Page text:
Christian and Muslim leaders have joined forces on a European peace mission to put a stop to the killings in Central African Republic.
Monsignor Dieudonne Nzapalainga leans forward, frowning. His bulky frame fills the armchair in the London hotel as the latest news agency copy is read to him.
"That's bad. Very bad," he says quietly. The Reuters reports describes a convoy of more than two dozen vehicles carrying heavily armed Seleka rebels leaving Bangui, the capital of the Central African Republic (CAR), and heading north.
The news fills Bangui's archbishop with gloom: "They needed to be held accountable for what they had done. We cannot have impunity."
His friend and companion on this visit, the imam Oumar Kobine Layama, representing the country's Muslim minority, nods in agreement.
The CAR descended into chaos in March last year, when the mainly Muslim Seleka rebels ousted President François Bozizé. Archbishop Nzapalainga appealed for help from the international community in November, warning that the country was teetering on the edge of catastrophe. Then 65 000 had fled from their homes. Today the total is nearer one million, almost a quarter of the population.
The archbishop and the imam have been touring European capitals, seeking support for their benighted country. In France they met President François Hollande; in London they are being received by the former co-chairperson of the British Conservative party, Lady Warsi.
The religious leaders are appealing to British government for political support to try to halt the killings. "In particular," their letter to British Prime Minister David Cameron reads, "we call on the United Kingdom to support EU [European Union] efforts in a full deployment of Eufor" [the European rapid reaction force].
The UN has warned repeatedly of the danger of a full-scale genocide in the CAR. Nzapalainga says this is a real threat, with Christian and Muslim youths roaming the streets, seeking revenge for previous atrocities. "The two groups are at war," warns Kobine. "And they are led by bandits."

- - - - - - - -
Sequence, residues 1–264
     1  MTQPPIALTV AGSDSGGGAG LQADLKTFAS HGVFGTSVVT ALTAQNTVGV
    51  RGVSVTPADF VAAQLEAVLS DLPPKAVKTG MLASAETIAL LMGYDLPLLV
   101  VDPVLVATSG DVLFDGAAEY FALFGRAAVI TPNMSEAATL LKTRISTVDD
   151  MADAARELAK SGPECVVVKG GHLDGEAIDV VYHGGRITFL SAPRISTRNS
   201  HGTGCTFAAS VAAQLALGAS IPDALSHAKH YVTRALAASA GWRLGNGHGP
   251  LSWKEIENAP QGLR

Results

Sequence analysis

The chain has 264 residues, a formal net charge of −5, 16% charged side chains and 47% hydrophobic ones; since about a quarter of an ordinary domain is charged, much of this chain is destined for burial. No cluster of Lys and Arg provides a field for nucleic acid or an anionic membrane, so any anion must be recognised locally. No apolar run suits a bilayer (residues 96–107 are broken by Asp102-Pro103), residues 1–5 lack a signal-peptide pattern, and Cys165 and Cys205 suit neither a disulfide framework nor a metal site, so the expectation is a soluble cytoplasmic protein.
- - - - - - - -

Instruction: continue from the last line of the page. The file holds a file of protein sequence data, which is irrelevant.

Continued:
Has the presence of 1 600 French and 4 000 African troops done anything to improve the situation? Yes, both men agree. "If it was not for them the whole country would have been in flames," the archbishop says.
But the situation is complex. Chadian forces are among the African troops who comprise the bulk of the peacekeepers in and around Bangui. They have been closely allied with the Seleka and have been accused of joining them in attacks on Christian communities.
The archbishop and the imam fear the rebels will re-form in the remote northeast and reopen their campaign. They say 10 generals who led the rebellion came from Chad, although they describe them as mercenaries rather than Chadian army officers.
The real problem is that, seen from Paris, the CAR is of only secondary importance compared with Chad. France has had a particular penchant for the Chadians since the former colony came out in support of General Charles de Gaulle during World War II. A French military base is situated in eastern Chad, with troops ready to serve across Africa.
But the religious leaders remain hopeful that the situation can be salvaged. A week ago, Catherine Samba-Panza, a respected businessperson with a reputation for independence, was elected to serve as head of state by the transitional parliament. She is the first woman to become president of the country and the archbishop warns she will not succeed without international support.
"Civil servants have not been paid for the last five months," the archbishop says. "The army needs to be rebuilt so that we can protect ourselves." – © Guardian News & Media 2013